Marijuana Criminalization No MORE?

Labor & Employment Workforce Watch
May 2022

In recent years, forty-seven states have revised their regulatory schemes regarding marijuana, whether to permit its use for limited medical reasons or to decriminalize it altogether. Nevertheless, despite this dramatic shift on a state level, as of the date of this article, marijuana remains illegal on the federal level. But that landscape may be set to shift, with the House of Representatives’ passage of the Marijuana Opportunity Reinvestment and Expungement Act (the “MORE” Act) on April 1, 2022.

Most significantly, the MORE Act decriminalizes cannabis by removing it from the list of scheduled substances under the Controlled Substances Act and eliminates criminal penalties for the manufacture, distribution, and possession of cannabis, with retroactive applicability. This MORE Act additionally proposes to establish a process to expunge federal convictions of cannabis-related offenses, make Small Business Administration loans and services available to legitimate cannabis-related businesses or service providers, and prohibit the denial of federal public benefits to individuals based on certain cannabis-related conduct or convictions.

Currently, employers with multi-state operations are subject to a patchwork of states’ laws addressing marijuana, its legality, and how employers must approach employee marijuana use in locales where it is legal in some form or fashion. Though employers generally have wide discretion in crafting their drug and alcohol policies, in some instances state and federal law can impact how those policies are implemented. For example, for employers with employees in safety-sensitive positions, some state and federal laws contain mandatory testing obligations.

Federal directives and guidance regarding drug testing for safety-sensitive employees primarily derive from the Department of Transportation’s (“DOT”) regulations. The DOT currently requires transportation employers to test safety-sensitive employees for multiple drugs, including cannabis. 49 C.F.R. § 40.3. Under the regulations, “safety-sensitive” functions include all time spent at the driving controls of a commercial motor vehicle in operation and other responsibilities for performing work, until the employee is relieved from work. 49 C.F.R. § 382.107(9). Upon notification of an employee’s positive drug test, covered employers must immediately remove the employee from performing safety-sensitive duties. 49 CFR § 40.309(a).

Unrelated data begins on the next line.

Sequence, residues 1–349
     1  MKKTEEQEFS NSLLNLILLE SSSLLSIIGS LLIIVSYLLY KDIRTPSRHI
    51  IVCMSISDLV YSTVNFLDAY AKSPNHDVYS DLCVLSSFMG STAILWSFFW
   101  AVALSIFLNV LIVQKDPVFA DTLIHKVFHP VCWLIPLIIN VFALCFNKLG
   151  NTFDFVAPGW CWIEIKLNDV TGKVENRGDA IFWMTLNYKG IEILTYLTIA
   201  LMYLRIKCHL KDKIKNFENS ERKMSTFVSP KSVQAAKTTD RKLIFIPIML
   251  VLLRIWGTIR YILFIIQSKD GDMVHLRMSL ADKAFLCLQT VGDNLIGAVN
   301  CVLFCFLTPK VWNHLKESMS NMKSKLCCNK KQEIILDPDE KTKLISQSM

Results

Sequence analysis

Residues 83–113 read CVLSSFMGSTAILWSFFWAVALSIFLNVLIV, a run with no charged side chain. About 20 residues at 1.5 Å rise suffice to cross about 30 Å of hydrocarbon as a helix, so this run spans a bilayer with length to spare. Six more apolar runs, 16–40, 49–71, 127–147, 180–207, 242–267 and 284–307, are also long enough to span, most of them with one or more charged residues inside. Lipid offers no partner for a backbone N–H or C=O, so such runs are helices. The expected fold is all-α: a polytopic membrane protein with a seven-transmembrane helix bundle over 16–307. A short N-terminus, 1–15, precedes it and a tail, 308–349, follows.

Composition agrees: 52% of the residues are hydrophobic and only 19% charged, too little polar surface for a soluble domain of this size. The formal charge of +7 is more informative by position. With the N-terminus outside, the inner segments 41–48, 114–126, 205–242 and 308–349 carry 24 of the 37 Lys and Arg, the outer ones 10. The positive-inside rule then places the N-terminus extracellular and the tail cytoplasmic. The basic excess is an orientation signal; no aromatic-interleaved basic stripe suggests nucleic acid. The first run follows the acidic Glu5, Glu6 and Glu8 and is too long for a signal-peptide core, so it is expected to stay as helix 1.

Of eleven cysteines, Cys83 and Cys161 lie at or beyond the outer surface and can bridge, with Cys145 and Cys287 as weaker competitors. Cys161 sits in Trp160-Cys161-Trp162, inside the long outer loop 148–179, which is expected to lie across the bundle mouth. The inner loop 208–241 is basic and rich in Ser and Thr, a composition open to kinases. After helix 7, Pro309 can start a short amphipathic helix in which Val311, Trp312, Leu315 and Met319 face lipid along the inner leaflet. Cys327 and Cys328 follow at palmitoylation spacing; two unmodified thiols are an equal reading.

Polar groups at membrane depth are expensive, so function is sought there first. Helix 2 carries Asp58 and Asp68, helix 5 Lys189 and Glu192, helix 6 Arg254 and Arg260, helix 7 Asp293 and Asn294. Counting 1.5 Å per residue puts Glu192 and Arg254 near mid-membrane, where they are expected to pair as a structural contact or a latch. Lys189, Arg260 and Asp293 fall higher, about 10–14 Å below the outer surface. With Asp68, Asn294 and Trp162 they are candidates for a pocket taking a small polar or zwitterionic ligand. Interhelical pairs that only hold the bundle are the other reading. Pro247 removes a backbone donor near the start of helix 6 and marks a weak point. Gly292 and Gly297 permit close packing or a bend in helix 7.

As currently drafted, the MORE Act will not impact these federal regulations regarding safety-sensitive employees. The Act expressly does not “abridge the authority of the Secretary of Transportation . . . to regulate and screen for the use of a controlled substance.” However, other parts of the Act suggest that changes may still be coming. The Act directs the Secretary of Transportation to conduct a study on methods that law enforcement may use to determine whether a driver is impaired by marijuana. The MORE Act additionally directs the National Institute for Occupational Health and Safety to conduct a study on the workplace impact of states’ legalization of recreational cannabis and to develop best practices for employers.

Many states that extend employment protections to employees who use cannabis, whether medicinally or recreationally, nevertheless carve out exceptions for workers in safety-sensitive roles. States differ widely on how they define “safety-sensitive” positions, with some deferring to the federal definition or to state statutes, while other states defer to the employer’s discretion or even just common sense. For example, employers in New Mexico may not take adverse employment actions against an applicant or employee due to their usage of medical marijuana, but this protection excludes employees in safety-sensitive roles, defined broadly as “position[s] in which performance by a person under the influence of drugs or alcohol would constitute an immediate or direct threat of injury or death to that person or another.” N.M. Stat. Ann. § 26-2B-3. New Jersey represents the opposite end of the spectrum—employers may not take adverse employment actions based solely upon a positive marijuana test (whether due to medicinal or recreational use), with no exceptions for safety-sensitive roles. N.J. Stat. Ann. § 24:6I-52. Regardless of these differing laws, however, no state requires an employer to tolerate employees using marijuana in the workplace. The MORE Act will not impact these state regimes, nor does it propose to alter them.

As always, when it comes to cannabis, this is an ever-evolving area of law, and employers must still adhere to various federal and state regulations. Checking laws and regulations at the federal and states levels, when applicable, before enacting drug-testing programs is key to ensure such programs comply with the applicable regulatory schemes.